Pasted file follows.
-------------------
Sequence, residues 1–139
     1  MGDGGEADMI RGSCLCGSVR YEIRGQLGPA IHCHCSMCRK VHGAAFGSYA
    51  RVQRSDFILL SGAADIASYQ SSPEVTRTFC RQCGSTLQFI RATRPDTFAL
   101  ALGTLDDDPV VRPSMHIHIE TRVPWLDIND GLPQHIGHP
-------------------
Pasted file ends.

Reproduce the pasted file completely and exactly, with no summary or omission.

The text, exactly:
Sequence, residues 1–139
     1  MGDGGEADMI RGSCLCGSVR YEIRGQLGPA IHCHCSMCRK VHGAAFGSYA
    51  RVQRSDFILL SGAADIASYQ SSPEVTRTFC RQCGSTLQFI RATRPDTFAL
   101  ALGTLDDDPV VRPSMHIHIE TRVPWLDIND GLPQHIGHP